After some discussion on the car ride home, my Hubs and I decided that the phone case should be treated like a bike helmet.  After a bad crash—it should get replaced.  When I got home that evening I re-designed my original case (since I loved it) & reordered it.

In the 6 months since I ordered my original DIY tough case, case-mate made some design & manufacturing improvements.
  • The volume & vibrate toggle switches are easier to use.
  • The hard plastic case has a bigger indention at the bottom, allowing it to sit more easily in a charging dock.
  • The colors on the design are darker & more vibrant.

Overall, I am EXTREMELY happy with the case-mate tough case.  I recommend it to everyone I know who is looking at getting an iPhone.  It is truly a phone saver. Not to say that it will protect your phone in 100% of all circumstances (nothing will)…but overall I trust that the case is going to mostly protect my phone from my very klutzy self.   

  • Sit on your design for awhile before ordering, make sure you love it.
  • Make sure your design overlaps the outside of the design rectangle, because your design will actually wrap along the outside of the phone (important w/ iPhone 4’s due to their box-like shape)
  • Check retailmenot.com for coupons for case-mate.com, which could get you a product discount or free shipping.

Sunday, May 22, 2011

Citrus Glazed Pork Belly

On the Saraga trip this week, my Hubs also picked up a package of pork belly. Pork belly is the same magical cut of pork that bacon is derived from. The difference is that pork belly hasn't been smoked/cured like bacon & is still in its natural state.  While we are hoping to experiment with curing/smoking our own bacon this summer, for this round of pork belly I wanted to braise it. Braising is also an excellent cooking method when you have a tougher cut of meat to cook AND you have an excess of vegetables like carrots, onions, & celery that you need to cook.  With the vegetables in this recipe, I would not recommend eating them at the completion of the cooking.  I tasted a few of the veggies--they were overdone & the flavor wasn't that great.  They add great flavor to the cooking meat though & help raise the meat up out of the cooking fluid.

This recipe is altered from a recipe found at food.com by user Sackville.  It is altered to serve 2-3 & to cook with things I had on hand. I served it with garlic-soy green beans. Overall, the flavor on this was excellent.

Citrus Glazed Pork Belly
Serves 2-3.  Total cooking time: 3 hours, 30 minutes.

Ingredient Lineup (minus the brown sugar)
Pork belly closeup

  • 1-2 pounds boneless pork belly, cut into individual portions
  • Kosher salt
  • Ground black pepper
  • 1 large onion, coarsely chopped
  • 2 ribs celery, coarsely chopped
  • 1.5 cups baby carrots
  • 2 cups chicken stock
  • 1/4 cup frozen orange juice concentrate, undiluted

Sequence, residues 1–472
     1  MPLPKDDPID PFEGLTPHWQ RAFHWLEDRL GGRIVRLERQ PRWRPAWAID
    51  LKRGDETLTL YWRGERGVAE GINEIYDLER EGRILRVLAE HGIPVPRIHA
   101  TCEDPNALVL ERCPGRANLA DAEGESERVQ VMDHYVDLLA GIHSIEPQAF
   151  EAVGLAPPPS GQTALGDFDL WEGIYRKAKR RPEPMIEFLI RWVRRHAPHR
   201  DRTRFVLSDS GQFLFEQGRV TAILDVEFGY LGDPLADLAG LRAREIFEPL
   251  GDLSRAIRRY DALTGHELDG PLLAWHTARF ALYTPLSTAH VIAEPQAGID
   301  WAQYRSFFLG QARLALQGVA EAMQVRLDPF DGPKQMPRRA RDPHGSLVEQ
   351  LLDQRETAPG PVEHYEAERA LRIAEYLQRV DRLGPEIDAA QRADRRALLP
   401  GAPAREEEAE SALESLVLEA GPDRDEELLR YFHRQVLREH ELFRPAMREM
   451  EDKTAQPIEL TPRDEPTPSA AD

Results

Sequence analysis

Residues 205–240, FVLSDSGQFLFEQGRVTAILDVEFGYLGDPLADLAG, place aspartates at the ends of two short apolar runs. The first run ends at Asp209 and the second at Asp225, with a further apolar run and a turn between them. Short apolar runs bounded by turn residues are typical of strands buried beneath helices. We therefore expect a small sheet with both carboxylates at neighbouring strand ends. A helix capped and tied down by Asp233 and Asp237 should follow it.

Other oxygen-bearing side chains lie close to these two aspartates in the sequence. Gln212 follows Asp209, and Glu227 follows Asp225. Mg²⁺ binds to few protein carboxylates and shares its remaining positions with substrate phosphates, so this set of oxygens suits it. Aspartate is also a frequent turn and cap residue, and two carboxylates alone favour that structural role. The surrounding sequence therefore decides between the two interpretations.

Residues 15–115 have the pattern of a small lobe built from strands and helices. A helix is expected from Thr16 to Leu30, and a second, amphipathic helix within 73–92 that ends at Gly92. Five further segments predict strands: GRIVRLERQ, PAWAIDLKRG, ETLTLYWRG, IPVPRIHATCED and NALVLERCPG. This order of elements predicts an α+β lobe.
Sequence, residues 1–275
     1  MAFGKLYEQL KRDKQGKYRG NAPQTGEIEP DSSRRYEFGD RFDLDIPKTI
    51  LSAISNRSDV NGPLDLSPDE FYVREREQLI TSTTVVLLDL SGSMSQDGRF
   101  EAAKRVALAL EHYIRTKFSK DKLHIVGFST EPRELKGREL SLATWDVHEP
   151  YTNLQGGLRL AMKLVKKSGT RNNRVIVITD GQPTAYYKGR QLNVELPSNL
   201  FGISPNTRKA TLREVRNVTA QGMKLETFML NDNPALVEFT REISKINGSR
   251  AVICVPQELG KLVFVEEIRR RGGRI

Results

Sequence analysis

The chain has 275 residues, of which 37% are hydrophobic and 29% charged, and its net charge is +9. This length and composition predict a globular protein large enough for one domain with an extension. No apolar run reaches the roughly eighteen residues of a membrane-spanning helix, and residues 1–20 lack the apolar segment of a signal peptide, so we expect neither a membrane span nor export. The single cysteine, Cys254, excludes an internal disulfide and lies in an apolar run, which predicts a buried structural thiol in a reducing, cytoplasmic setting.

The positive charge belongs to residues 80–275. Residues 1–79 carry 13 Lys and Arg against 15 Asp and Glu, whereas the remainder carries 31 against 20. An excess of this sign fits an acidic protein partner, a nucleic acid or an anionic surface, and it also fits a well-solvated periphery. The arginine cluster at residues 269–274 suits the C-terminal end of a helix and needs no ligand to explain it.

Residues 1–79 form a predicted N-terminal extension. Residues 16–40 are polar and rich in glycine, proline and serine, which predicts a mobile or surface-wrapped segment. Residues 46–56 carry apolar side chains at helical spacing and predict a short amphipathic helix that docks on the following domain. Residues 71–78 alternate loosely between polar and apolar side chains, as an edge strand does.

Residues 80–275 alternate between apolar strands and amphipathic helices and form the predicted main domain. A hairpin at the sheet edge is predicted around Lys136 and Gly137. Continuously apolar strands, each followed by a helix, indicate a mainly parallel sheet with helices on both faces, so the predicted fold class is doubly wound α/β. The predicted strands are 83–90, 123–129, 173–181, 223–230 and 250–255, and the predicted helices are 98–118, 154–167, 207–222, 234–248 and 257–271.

• 2 T. brown sugar
  • 3 whole cloves
  • 1.5 t. dried thyme
  • 0.5 t. ground allspice
For glaze
  • 1/4 cup frozen orange juice concentrate
  • 1/4 cup sugar

1.  In a medium mixing bowl or liquid measuring cup, whisk together the chicken stock, orange juice, brown sugar, cloves, thyme & allspice.  Set aside.
Stock, OJ & spices.

2.  Remove pork belly from packaging.  Check to verify it is boneless, and remove bones if necessary.  If the pork belly still has a layer of skin, use a sharp knife to carefully separate the skin from the meat, reserving as much of the fat layer as possible.  Score the fat layer on the top of the pork belly with the knife, making shallow diagonal cuts across the thickest parts of the fat.  Generously rub salt & pepper over all surfaces of the pork pieces.
Make sure your knife is sharp...
Carefully separate the skin from the meat.

Score meat & rub with salt & pepper

3.  Coarsely chop all of your vegetables.  Layer your veggies into the bottom of a medium sized roasting pan. (For smaller roasting/braising jobs like this, I use a 9x13" baking pan that was the unfortunate, charred victim of a bacon-incident when serving brunch for 45 people about a year ago...it's not pretty, but it works).  

Notice my onion changed colors.  I had a bag of mixed red
and white onions in my produce drawer that were pre-chopped
and needed to be used...

4.  Place the portions of pork belly on top of the chopped vegetables, fat side up.  Place the pan under a high broil for 5-10 minutes until golden brown.  Remove pan from oven.  Turn oven down to 300 degrees.  


5.  Pour the chicken stock/orange juice mixture around the pork belly inside of the pan.  Tightly cover pan with aluminum foil.  Roast for 1.5 hours at 300 degrees.
Indent the foil on top of the pan so that juices condensate
back into the pan.  
After 1.5 hours of cooking

6.  Remove pan from oven, fold back foil and roast for an additional 1.5 hours.
Foil pulled back

After a total of 3 hours of braising.
7.  When the pork belly has about 30 minutes left to cook, start reducing the glaze.  Add the orange juice concentrate & the sugar to a small saucepan.  Cook on medium heat until glaze is thickened & syrupy. Stir frequently. 

Glaze at the beginning

Thickened glaze

8.  Remove pan from oven.  Move the pork to a cookie sheet that has been lined with aluminum foil & greased slightly with olive oil.  Brush all surfaces of the pork belly with a thick layer of the glaze.  Broil under high for 5-10 minutes until surfaces are crisping & the glaze is caramelizing. 

Pork Belly, glazed & broiled

9.  Plate pork belly & drizzle with a little bit of the remaining glaze.  

Very, Very Yummy...